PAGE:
Apart from the issues of poverty and hunger in India where over 40 percent of children are said to be malnourished, the country is also associated with a failing infrastructure in almost all sectors. Some key buildings in major urban centres are dilapidated and most roads are in bad shape, thus making it difficulty for people to drive on them. It is also very clear that half of the country’s population lack toilets, among other significant facilities such as proper shelter and health care services.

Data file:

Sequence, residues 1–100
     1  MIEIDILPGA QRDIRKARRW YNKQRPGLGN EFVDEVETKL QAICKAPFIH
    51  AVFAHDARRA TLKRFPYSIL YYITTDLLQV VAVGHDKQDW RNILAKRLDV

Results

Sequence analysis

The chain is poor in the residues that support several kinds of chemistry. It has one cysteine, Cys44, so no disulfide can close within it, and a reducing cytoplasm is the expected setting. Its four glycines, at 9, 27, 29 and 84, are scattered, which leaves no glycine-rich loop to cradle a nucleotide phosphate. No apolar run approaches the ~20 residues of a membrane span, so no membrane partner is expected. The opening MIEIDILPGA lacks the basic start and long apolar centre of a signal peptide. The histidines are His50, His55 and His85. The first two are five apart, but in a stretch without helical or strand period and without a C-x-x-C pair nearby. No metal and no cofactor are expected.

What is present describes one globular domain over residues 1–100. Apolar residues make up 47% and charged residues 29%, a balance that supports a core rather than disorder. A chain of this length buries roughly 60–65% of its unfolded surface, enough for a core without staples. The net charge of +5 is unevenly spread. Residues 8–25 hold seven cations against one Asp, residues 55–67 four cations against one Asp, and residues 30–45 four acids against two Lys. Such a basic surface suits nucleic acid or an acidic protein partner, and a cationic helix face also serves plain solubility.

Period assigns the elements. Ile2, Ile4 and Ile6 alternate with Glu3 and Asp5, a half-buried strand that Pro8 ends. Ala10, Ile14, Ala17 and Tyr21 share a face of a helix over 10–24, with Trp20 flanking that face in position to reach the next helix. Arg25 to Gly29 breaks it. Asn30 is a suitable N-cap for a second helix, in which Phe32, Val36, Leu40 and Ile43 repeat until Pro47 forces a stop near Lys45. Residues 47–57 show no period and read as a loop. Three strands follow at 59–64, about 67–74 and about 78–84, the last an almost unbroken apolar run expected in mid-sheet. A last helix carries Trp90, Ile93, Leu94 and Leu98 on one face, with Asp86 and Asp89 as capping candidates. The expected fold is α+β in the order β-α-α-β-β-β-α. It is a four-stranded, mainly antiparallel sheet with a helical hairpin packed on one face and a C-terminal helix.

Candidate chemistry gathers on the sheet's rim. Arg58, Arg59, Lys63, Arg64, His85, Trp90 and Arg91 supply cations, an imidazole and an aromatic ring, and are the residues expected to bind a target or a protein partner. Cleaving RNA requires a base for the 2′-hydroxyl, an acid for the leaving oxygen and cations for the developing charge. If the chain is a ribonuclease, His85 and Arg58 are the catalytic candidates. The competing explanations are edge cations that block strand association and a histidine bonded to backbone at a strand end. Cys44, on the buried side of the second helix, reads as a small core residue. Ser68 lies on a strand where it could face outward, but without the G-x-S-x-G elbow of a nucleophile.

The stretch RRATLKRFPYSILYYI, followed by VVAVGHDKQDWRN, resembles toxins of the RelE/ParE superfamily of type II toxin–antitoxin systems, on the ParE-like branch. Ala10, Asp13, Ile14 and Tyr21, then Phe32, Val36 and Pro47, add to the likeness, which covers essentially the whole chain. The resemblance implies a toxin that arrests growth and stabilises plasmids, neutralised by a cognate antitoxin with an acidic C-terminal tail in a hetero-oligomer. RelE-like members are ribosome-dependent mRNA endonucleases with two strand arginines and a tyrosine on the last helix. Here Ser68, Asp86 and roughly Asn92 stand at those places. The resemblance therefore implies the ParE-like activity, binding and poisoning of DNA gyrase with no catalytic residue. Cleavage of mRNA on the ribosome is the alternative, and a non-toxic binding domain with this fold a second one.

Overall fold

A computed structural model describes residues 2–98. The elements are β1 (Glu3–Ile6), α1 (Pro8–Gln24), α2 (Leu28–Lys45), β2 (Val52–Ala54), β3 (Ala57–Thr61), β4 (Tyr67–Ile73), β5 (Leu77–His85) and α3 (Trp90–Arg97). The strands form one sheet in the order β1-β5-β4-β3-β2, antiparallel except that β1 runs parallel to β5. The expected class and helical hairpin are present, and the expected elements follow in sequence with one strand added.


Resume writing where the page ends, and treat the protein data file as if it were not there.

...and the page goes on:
Moreover, India is a place where people are used to ruining public property, especially when they are demonstrating. In fact, this has over the time contributed to poor management of solid waste and sewerage in most parts of the country. As a result of this, dirty places that are characterized by garbage on the roads and uncovered drains have become more common in most parts of India. As a matter of fact, one can never stop wondering how a country with so many basic needs can afford to undertake such a costly space program.